Reports suggest an adult makes on an average 35000 decisions every day.
That’s surely a lot of processing for our brains. Maybe some of these decisions are so minor, that we do not even recognize the exact moment we made them. Still its these decisions which allow us to thrive in our chosen surroundings.
Decision making becomes more important in a group – whether its a sports team or a business venture. Decisions are what help us move forward, allow us to discover the opportunities, to create a mental map of where we want to go. Decisions and maybe smart decisions, influence the outcome significantly.
Failure to decide
Many teams fail to decide or decide too late, and this could happen due to many possible reasons.
- They are afraid to make decisions. The culture of the team is such that fear is what drives people away from decision making
- Lack of data or information which makes the leader feel helpless (Google has helped make this a weaker cause)
- No clear leader and everyone is waiting for someone else to decide. (wonder how a mob decides?)
At work, we typically work hard to ensure our decisions are smart. We use strategic frameworks, run complicated data models, build sxcel based simulations all in the hope that this single decision would take us on the path to success, fame and glory. But reality is that its not the decision alone, its what we do once we have decided, which determines our success.
During the Common Wealth Games in New Delhi, a foot-over-bridge at one of the venues collapsed due to faulty construction. The civil contractor came back saying there was no way the bridge could be rebuilt in less than 2 months, whereas the games were less than 10 days away. Indian Army boys came in and 2 days flat the bridge was up.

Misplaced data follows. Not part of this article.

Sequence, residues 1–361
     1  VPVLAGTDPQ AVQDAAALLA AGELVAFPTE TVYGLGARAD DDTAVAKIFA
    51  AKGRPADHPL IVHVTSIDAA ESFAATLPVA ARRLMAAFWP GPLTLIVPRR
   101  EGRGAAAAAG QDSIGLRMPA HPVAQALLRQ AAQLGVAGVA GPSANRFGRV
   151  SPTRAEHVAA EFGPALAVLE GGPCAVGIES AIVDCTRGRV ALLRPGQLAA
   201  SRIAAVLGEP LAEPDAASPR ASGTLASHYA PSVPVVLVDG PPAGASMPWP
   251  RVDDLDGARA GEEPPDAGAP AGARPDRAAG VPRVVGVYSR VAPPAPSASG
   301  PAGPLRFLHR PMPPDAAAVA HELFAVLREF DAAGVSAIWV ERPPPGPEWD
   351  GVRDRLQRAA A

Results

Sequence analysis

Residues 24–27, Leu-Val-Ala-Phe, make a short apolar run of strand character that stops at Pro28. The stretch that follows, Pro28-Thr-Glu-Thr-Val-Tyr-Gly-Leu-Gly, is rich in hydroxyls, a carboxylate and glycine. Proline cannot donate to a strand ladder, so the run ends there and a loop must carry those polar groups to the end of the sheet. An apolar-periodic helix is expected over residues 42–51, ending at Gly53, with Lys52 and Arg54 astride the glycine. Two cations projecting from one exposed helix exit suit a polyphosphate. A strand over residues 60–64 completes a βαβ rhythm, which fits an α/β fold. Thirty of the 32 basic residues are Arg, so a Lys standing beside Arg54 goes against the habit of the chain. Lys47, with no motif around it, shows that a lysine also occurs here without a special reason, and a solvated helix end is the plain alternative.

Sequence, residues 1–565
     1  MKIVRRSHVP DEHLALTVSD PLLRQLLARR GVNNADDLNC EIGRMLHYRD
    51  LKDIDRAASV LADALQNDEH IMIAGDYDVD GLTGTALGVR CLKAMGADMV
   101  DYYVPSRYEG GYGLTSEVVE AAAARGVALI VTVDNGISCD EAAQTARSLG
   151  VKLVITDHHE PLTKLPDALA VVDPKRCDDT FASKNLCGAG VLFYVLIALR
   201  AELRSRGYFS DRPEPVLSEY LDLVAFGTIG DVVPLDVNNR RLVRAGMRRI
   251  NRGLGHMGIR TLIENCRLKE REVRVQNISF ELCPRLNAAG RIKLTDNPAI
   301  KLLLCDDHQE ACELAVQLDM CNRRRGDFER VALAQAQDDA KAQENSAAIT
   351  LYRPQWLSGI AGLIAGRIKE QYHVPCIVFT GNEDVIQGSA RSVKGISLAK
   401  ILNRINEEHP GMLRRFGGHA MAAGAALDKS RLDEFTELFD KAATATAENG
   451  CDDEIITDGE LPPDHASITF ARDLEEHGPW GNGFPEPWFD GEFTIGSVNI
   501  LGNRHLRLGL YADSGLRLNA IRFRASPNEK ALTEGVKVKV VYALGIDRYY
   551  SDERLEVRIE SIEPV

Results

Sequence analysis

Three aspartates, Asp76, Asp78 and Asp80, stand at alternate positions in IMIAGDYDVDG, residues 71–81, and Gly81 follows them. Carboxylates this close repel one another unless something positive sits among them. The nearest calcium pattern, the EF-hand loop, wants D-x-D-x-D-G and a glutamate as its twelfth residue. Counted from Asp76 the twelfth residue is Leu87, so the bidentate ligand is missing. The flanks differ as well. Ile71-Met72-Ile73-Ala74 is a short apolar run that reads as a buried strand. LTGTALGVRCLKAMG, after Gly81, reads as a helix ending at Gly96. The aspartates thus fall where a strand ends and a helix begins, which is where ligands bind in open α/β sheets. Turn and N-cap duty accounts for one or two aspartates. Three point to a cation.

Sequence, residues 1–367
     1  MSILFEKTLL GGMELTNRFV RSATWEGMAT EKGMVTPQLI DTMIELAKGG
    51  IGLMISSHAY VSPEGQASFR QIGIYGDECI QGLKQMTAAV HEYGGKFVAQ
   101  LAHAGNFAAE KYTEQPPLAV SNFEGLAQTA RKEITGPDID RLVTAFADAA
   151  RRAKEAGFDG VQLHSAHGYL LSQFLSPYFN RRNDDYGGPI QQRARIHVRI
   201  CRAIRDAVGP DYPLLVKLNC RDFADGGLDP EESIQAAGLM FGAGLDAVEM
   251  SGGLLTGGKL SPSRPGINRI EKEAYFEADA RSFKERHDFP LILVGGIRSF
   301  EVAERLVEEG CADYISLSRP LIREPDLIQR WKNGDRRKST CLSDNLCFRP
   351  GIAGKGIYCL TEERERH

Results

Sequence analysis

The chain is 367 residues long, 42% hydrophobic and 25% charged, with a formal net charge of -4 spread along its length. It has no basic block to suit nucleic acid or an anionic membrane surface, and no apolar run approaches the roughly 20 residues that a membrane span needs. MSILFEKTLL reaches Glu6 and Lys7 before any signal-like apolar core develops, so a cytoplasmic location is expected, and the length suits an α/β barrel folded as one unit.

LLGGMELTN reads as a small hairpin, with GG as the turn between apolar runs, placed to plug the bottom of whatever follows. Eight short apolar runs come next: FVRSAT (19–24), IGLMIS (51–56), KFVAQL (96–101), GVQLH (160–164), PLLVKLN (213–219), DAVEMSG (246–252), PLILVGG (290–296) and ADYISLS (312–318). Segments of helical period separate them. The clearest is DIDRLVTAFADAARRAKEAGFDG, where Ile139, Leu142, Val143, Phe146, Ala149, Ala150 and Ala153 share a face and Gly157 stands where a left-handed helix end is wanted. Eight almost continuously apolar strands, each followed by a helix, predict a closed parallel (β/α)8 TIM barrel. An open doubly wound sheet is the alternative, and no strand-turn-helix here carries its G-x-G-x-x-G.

So what was it that a contractor who has had the experience of building multiple such bridges in the past couldnt commit to doing something that the armed forces team could deliver so beautifully. The answer lies in the will to implement, the commitment to see through our decisions. Maybe the armed forces are an extreme example but theres a lot that todays corporates can learn.
In my small career-span I have sat through many meetings, where some smart managers and great leaders would decide on action items. But in many of those instances, there would be no follow-ups, no checks whether the decisions were really implemented within the agreed timelines. No going back to see if the course chosen is indeed correct or if it needs any further correction.
To my mind, this is one area that any leader should focus on – ensuring that there is a culture of seeing through the team’s agreed decisions.
Coz you might choose to make fewer decisions, you might also make far-from-smart decisions, but if you are able to implement those decisions, you have made progress. You would have a fresher and better perspective to re-evaluate your decision(s). You would have a team which gives the leadership the confidence to take bold steps.